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THE HORRIBLE MISTAKE

Posted by Faron Franklin on Monday, February 16, 2009 Under: Faron's Footnote

First appeared May 30, 2008

Recently I was out of town with two of my boys; Garrett is six and Isaiah is four.  Like many people, my full schedule had put me in a hurry but I had to make that important stop at Wal-Mart before going home.  Like most errands that one tries to complete quickly with small children, you hope to be in and out without any interruptions.  Deep down inside though you know it is not going to happen.

We retrieved the object of our affection and as we were making our way to the register I begin to get excited because I thought for a moment we had done the impossible. Then suddenly, as we were weaving through the crowds of people to reach an empty line at the register, Isaiah yells out, “Daddy I got to go potty.” I wilted.  The dream trip at Wal-Mart without interruptions had again come to an end.  I knew it would be impossible for him to wait until we checked out from the wiggle in his walk; I put down our item. 

Just on the other side of the check-out lanes was the restrooms.  I squeezed each boy’s hand and proceeded to walk quickly to the facilities in hopes to make it back before a long line formed at the empty register.  I pushed both boys in the center stall and they took care of business.  The room was hot; we stood crowded, side by side.  The toilet in the next stall flushed and I heard the stall door close.  As I was buttoning Isaiah’s pants I distinctly heard a female voice.  As I shushed the boys, panic set in.  “I’m in the women’s restroom,” I thought.  After saying a quick prayer I told both boys to be very quiet and close their eyes.  When the water at the sink stopped running and it became quiet I grabbed a hand of each boy and bolted out with both eyes closed.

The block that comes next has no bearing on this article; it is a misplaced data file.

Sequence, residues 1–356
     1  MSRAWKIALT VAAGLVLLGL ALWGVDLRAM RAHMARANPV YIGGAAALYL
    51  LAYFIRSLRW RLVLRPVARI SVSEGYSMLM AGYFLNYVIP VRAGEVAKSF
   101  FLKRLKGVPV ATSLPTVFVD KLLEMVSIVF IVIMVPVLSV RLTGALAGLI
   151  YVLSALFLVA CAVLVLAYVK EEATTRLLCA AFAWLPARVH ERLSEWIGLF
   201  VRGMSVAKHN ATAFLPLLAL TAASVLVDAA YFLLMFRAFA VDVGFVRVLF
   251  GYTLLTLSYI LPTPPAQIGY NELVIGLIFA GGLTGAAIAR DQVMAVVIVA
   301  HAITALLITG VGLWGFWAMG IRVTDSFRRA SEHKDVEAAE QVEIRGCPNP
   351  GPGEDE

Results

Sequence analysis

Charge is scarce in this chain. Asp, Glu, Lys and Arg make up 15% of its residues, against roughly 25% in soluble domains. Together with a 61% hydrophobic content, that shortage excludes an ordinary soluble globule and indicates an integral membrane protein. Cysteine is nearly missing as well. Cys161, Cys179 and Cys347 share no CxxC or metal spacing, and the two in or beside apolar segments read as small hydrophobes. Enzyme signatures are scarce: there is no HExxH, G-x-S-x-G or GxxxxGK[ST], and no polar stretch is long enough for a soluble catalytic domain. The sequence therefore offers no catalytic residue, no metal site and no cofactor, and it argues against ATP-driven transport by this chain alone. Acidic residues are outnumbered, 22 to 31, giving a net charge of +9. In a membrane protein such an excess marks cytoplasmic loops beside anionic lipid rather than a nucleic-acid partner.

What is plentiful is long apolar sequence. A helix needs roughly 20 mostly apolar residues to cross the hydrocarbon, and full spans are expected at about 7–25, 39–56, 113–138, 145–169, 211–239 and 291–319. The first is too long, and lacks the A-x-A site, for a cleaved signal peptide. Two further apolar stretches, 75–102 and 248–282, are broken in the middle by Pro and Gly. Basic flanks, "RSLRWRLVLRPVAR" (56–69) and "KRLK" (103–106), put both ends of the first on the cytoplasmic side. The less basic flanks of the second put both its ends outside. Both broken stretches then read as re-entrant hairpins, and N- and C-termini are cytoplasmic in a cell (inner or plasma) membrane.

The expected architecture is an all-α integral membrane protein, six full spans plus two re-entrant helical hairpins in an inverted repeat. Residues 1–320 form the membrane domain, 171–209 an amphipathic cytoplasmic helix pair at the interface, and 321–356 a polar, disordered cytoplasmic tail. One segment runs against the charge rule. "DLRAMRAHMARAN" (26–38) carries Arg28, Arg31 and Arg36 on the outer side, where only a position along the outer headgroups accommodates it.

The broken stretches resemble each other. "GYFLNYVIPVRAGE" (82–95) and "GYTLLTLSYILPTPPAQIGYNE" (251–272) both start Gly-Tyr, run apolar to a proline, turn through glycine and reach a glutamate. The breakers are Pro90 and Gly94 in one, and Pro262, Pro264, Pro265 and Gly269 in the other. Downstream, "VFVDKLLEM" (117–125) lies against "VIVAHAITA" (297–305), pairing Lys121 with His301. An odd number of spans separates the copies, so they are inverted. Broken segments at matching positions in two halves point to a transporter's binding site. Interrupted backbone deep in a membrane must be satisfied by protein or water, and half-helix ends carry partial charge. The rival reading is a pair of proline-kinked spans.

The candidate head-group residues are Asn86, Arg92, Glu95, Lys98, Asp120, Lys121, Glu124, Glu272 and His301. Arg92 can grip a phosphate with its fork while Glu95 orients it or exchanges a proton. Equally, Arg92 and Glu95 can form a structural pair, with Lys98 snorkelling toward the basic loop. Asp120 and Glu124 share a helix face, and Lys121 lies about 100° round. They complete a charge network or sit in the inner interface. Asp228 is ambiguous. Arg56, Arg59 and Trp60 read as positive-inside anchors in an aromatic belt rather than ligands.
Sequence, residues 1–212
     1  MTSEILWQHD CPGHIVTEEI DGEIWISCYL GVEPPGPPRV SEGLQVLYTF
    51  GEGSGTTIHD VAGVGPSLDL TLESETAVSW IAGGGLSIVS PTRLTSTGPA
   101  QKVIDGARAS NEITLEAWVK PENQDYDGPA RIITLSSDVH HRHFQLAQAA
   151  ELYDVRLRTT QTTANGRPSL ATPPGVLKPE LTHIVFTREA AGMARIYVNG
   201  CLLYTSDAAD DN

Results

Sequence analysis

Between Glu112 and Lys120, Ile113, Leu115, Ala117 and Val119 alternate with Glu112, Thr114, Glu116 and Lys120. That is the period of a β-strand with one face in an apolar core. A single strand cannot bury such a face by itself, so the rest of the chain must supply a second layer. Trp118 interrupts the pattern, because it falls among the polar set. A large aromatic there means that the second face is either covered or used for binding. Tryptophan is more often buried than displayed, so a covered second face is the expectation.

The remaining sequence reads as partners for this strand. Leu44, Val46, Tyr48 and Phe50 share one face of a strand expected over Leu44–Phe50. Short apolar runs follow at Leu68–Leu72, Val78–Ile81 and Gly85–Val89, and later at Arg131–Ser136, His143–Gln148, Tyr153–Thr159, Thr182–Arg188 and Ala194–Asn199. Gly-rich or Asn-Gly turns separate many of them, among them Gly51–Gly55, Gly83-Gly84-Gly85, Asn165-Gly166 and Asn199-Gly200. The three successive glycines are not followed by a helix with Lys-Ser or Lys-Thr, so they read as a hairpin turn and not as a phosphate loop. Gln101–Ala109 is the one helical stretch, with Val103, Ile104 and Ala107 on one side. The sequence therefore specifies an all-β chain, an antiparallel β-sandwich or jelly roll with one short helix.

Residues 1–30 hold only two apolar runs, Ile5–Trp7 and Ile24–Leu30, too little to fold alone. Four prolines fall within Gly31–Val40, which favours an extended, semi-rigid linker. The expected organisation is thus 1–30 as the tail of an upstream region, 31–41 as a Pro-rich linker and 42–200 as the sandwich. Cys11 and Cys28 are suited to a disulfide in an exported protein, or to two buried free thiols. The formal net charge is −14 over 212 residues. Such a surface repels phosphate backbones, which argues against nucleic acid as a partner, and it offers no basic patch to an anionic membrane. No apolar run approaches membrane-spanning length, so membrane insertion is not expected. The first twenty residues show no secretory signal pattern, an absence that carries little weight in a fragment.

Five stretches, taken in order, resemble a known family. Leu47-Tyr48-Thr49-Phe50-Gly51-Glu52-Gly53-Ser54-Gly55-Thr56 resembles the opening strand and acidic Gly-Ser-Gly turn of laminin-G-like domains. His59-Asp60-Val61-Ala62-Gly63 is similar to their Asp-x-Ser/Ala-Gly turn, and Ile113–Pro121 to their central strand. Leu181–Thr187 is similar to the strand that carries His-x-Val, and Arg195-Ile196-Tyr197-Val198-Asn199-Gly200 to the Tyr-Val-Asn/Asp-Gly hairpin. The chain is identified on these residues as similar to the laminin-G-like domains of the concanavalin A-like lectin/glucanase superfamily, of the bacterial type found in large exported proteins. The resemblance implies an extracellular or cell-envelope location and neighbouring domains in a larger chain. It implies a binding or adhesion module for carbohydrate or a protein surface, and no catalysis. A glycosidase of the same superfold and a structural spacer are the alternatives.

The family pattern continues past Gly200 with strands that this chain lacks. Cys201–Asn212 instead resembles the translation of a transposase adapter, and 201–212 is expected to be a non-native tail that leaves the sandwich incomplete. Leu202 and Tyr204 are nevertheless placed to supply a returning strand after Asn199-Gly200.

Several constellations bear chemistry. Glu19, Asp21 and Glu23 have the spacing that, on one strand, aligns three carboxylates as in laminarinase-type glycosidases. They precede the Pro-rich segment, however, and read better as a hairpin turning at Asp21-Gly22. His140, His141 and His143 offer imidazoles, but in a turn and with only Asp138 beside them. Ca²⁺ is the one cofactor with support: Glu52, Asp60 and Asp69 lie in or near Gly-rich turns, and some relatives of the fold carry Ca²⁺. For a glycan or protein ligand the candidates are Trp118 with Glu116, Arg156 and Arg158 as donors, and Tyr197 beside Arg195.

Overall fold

At every Wal-Mart I had ever been in, the Men’s Room has always been on the left—-not at this Wal-Mart.  In my haste I failed to look at the signs and I went into the wrong room.  As we huddled in the bathroom stall I could only imagine the headlines in the paper and the words running across the bottom of FOX News and CNN:  “Preacher Spotted In Women’s Restroom.” I was humiliated and I felt like the world was watching. 

My embarrassment came because men go in the Men’s Room and ladies go in the Ladies Room.  That is the way it has always been.  Only recently have businesses even offered a family restroom for parents with small children.  Even in those, I have never been present with strangers of the opposite sex.

Well, this past week there was legislation presented in the State of Colorado that should concern all of us.  Now it is law as of May 29, 2008 because Governor Bill Ritter has signed SB 200.  Separate public restrooms for men and women have become a thing of the past in Colorado—-and eventually, across the nation.  The legislation added religion and sexual orientation to the state’s nondiscrimination statute, which means that all public restrooms must be equally open to men, women, transsexuals and “transgendered” individuals.